Pathotyping isolates of Newcastle disease virus using antipeptide antibodies to pathotype-specific regions of their fusion and hemagglutinin-neuraminidase proteins

Pathotyping isolates of Newcastle disease virus using antipeptide antibodies to... Antipeptide antibodies have been evaluated for their abilities to predict the characteristics of the cleavage motifs of the fusion protein precursors (F 0 ) of 25 isolates of Newcastle disease virus (NDV) with a range of virulences, grouped into 12 sets according to their monoclonal antibody reactivities. A Western blot format was used to show that antisera to synthetic peptides representing sequences at the C-termini of the F 2 -polypeptides of defined pathotypes of NDV usually distinguish between pathotypes on the basis of their Fo cleavage sequences. However, exceptions were found with three groups of virulent isolates. Protein sequencing and mass spectral analysis of the F 2 -polypeptide of isolate Texas GB from one of these groups, identified an anomalous cleavage/activation process which removed the amino acids required for recognition by the antisera. This probably also explained the lack of reactivity of the Roakin isolate and low reactivity of the Komarov isolate from this group. The other exceptions involved isolates in groups with cleavage region variations from the usual motif of virulent isolates or isolates with undefined cleavage motifs. Antipeptide antisera were also raised to sections of the 45 residue C-terminal extension the hemagglutinin-neuraminidase precursor (HN 0 ) encoded by the genes of some avirulent isolates. Western blot analysis showed that positive reactions with antibodies to peptides based on sequences between residues 577 and 613 of the HN 0 was evidence for the presence of an avirulent isolate but did not exclude the presence of other pathotypes. Antisera designed to target residues 569–577 detected HN 0 extensions of 6 residues on isolates known to encode such extensions. These antisera also enabled differentiation of isolates with HN 0 extensions of 6 residues from those with no extension, however, it was not possible to determine the virulence of isolates based on reaction with these antisera. http://www.deepdyve.com/assets/images/DeepDyve-Logo-lg.png Archives of Virology Springer Journals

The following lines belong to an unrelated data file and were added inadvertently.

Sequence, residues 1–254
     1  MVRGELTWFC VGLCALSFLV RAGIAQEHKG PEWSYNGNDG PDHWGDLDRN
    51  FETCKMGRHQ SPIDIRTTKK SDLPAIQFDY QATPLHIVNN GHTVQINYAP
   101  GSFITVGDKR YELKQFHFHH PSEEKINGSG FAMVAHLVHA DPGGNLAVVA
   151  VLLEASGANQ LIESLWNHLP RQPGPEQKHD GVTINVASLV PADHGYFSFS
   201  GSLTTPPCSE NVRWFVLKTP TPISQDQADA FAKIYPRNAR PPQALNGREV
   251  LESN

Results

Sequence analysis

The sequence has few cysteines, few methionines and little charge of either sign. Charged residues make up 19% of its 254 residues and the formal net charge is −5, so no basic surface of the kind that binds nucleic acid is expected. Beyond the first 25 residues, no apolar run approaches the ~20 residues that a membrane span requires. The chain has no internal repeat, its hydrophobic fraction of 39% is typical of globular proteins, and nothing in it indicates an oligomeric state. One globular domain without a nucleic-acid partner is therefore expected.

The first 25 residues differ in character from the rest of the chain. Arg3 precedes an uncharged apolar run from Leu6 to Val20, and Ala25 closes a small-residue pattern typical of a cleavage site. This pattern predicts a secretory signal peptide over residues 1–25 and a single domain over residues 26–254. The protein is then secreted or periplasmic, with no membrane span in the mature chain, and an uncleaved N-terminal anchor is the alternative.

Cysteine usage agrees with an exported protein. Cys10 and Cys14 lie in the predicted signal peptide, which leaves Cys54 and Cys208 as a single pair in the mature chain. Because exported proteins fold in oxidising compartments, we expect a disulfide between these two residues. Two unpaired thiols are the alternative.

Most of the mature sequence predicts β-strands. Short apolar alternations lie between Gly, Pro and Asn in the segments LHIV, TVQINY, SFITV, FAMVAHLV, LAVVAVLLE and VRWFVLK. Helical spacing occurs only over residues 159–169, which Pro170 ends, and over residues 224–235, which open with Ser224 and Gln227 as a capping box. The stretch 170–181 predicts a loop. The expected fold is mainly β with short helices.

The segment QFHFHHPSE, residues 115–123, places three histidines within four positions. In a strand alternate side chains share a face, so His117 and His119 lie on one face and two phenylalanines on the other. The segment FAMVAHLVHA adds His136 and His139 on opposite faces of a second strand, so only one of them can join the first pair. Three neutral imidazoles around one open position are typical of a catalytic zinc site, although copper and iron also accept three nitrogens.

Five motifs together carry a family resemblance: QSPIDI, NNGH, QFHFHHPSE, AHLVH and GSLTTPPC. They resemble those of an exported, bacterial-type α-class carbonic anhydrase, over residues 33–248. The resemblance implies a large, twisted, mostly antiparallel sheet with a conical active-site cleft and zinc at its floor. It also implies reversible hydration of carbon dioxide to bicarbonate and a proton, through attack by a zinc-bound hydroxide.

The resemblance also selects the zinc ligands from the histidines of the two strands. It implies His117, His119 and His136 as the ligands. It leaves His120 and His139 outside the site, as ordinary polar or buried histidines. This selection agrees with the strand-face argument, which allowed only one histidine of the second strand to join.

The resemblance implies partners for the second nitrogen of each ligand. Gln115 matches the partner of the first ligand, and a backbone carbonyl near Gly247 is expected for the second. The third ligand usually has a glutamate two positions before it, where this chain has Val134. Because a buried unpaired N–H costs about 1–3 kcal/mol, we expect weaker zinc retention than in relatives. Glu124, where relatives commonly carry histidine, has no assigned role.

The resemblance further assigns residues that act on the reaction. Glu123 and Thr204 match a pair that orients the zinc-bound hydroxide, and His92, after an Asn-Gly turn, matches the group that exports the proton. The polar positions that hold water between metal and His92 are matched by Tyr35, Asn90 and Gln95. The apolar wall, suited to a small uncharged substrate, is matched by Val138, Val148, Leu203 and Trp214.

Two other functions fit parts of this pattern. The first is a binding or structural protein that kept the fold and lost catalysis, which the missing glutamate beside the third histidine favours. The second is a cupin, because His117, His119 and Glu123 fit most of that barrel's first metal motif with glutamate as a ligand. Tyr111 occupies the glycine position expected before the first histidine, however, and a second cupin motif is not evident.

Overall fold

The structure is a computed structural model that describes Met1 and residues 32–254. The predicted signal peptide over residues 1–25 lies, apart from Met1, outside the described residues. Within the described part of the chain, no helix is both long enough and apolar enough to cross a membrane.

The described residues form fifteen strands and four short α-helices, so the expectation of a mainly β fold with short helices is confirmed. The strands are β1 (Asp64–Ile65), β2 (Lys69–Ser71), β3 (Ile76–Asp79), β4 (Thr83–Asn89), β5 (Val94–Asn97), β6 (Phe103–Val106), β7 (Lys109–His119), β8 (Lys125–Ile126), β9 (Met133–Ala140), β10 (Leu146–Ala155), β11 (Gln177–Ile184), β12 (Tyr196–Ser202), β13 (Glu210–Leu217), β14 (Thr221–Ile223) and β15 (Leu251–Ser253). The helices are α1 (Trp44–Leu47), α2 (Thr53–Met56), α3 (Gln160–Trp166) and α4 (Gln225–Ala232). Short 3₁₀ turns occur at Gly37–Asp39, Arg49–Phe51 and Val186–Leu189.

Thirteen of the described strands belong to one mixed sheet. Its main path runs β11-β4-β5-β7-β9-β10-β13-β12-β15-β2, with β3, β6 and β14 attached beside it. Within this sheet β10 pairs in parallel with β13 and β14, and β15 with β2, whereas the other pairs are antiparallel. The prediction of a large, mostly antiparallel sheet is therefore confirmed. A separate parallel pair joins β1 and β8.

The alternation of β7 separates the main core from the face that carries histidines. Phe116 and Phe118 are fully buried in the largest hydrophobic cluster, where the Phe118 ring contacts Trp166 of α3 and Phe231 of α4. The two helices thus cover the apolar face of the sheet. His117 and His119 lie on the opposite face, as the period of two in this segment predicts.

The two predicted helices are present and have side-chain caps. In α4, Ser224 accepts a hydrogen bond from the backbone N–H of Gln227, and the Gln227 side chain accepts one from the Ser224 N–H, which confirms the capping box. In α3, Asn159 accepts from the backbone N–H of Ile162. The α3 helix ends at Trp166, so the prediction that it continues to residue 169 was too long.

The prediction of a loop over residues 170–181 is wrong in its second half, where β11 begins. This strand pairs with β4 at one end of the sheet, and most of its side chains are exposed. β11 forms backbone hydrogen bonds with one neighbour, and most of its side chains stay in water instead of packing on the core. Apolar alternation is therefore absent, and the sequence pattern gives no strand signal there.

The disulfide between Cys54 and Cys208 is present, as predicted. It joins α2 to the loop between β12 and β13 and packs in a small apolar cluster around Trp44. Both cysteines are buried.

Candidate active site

Pathotyping isolates of Newcastle disease virus using antipeptide antibodies to pathotype-specific regions of their fusion and hemagglutinin-neuraminidase proteins

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Publisher
Springer Journals
Copyright
Copyright © Wien by 1999 Springer-Verlag/
Subject
Legacy
ISSN
0304-8608
eISSN
1432-8798
D.O.I.
10.1007/s007050050485
Publisher site
See Article on Publisher Site

Abstract

Antipeptide antibodies have been evaluated for their abilities to predict the characteristics of the cleavage motifs of the fusion protein precursors (F 0 ) of 25 isolates of Newcastle disease virus (NDV) with a range of virulences, grouped into 12 sets according to their monoclonal antibody reactivities. A Western blot format was used to show that antisera to synthetic peptides representing sequences at the C-termini of the F 2 -polypeptides of defined pathotypes of NDV usually distinguish between pathotypes on the basis of their Fo cleavage sequences. However, exceptions were found with three groups of virulent isolates. Protein sequencing and mass spectral analysis of the F 2 -polypeptide of isolate Texas GB from one of these groups, identified an anomalous cleavage/activation process which removed the amino acids required for recognition by the antisera. This probably also explained the lack of reactivity of the Roakin isolate and low reactivity of the Komarov isolate from this group. The other exceptions involved isolates in groups with cleavage region variations from the usual motif of virulent isolates or isolates with undefined cleavage motifs. Antipeptide antisera were also raised to sections of the 45 residue C-terminal extension the hemagglutinin-neuraminidase precursor (HN 0 ) encoded by the genes of some avirulent isolates. Western blot analysis showed that positive reactions with antibodies to peptides based on sequences between residues 577 and 613 of the HN 0 was evidence for the presence of an avirulent isolate but did not exclude the presence of other pathotypes. Antisera designed to target residues 569–577 detected HN 0 extensions of 6 residues on isolates known to encode such extensions. These antisera also enabled differentiation of isolates with HN 0 extensions of 6 residues from those with no extension, however, it was not possible to determine the virulence of isolates based on reaction with these antisera.

Journal

Archives of VirologySpringer Journals

Published: Jan 1, 1999

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